Rule 405 to refer to Rule 412 because the rule does not cause any
problems at this time despite the existence of Rule 412.
The Committee spent a good deal of time discussing numerous
fact patterns pursuant to Rule 408. Professor Saltzburg thought
that the rule worked well; other members of the Committee were
not sure that this was always the case but saw no way of amending
the rule to eliminate problem cases. Mr. Kobayashi thought that
taking out the third and fourth sentences of the rule might help,
and he agreed to try to work out a version for consideration at
the next meeting.
The Committee considered the advisability of amending Rule
611 so as to make it clearer that when a proponent of a witness
is permitted to examine by cross-examination because the witness
is hostile the opponent should not necessarily be allowed to
cross-examine the witness. Mr. Joseph felt that this was not a
problem and that most judges understood the issue. The Committee
agreed that there was no need to amend the rule.
The Reporter had suggested to the Committee either
abrogating the rule of United States v. Luce, or taking a broader
view of the rule and revising it so that a party who raised an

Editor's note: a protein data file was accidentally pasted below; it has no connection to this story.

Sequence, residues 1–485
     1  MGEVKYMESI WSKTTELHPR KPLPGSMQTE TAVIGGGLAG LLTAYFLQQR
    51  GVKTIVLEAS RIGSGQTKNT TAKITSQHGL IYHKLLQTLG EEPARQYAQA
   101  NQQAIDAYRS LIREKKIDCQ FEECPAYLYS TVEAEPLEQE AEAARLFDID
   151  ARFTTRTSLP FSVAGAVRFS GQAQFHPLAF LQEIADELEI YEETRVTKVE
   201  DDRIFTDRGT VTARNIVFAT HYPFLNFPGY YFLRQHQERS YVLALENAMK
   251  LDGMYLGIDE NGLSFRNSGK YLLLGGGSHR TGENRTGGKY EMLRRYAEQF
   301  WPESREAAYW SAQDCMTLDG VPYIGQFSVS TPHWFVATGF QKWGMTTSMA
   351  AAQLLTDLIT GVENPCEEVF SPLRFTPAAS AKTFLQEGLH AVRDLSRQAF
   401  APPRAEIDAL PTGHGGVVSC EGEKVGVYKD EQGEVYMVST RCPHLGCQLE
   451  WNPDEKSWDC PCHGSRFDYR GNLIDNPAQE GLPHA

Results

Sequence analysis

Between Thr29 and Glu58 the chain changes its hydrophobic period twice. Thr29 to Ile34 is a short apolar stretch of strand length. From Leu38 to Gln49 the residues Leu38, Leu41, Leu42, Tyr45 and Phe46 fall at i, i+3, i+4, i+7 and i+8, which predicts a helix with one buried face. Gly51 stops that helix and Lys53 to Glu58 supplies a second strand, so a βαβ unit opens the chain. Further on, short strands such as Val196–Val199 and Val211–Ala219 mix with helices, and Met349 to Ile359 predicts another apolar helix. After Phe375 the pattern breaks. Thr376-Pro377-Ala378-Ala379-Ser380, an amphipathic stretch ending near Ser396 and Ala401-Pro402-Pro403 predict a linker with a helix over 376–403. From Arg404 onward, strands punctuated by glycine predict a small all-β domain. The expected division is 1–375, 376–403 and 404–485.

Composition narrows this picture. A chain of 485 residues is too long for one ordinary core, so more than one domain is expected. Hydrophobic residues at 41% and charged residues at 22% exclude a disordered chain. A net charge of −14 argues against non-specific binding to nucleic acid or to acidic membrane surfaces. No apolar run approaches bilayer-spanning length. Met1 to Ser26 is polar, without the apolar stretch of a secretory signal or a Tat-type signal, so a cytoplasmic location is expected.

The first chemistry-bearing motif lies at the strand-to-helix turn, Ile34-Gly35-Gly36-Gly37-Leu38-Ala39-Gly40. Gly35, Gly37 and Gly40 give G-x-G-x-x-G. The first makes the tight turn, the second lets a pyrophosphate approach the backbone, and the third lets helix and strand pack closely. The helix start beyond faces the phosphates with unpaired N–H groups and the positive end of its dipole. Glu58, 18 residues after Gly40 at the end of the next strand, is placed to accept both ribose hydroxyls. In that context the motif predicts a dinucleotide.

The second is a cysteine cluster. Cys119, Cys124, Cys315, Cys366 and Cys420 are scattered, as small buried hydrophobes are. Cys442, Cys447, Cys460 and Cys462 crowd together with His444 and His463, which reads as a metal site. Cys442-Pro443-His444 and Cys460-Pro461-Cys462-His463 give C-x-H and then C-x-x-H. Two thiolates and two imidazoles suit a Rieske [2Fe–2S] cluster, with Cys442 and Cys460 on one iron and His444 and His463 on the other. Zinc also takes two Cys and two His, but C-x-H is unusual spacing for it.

objection through an in limine motion would not in all
circumstances have to renew the objection at trial. The
Committee agreed that there might be some aberrant cases in which
parties did not realize that they would forfeit their right to
appeal. The Reporter was asked to look at this issue in greater
depth, and to collect the cases in each circuit that deal with
Reports from the Civil and Criminal Rules Committee.
Wayne Brazil Reported on the recent meeting of the Advisory
Committee on the Federal Rules of Civil Procedure. He reported
that class actions were under study, that it was agreed not to go
forward with amendments of Rule 68, and that the special master
rules were being considered. Mr. Saltzburg reported that the
Criminal Rules Committee had agreed to place video conferencing
on hold, and that it was pushing forward with its amendment to
Rule 16 requiring the prosecution to disclose the names and
statements of witnesses seven days prior to trial. The Justice
Department is opposed to this amendment.
Although at its last meeting the Committee approved by straw
vote the concept of extending Rule 407 to product liability
cases, after further discussion the Committee was undecided on
how to proceed. Some members thought the rule worked well and
that the courts were really following state practice. An issue
arose as to whether the rule should be amended so as to redefine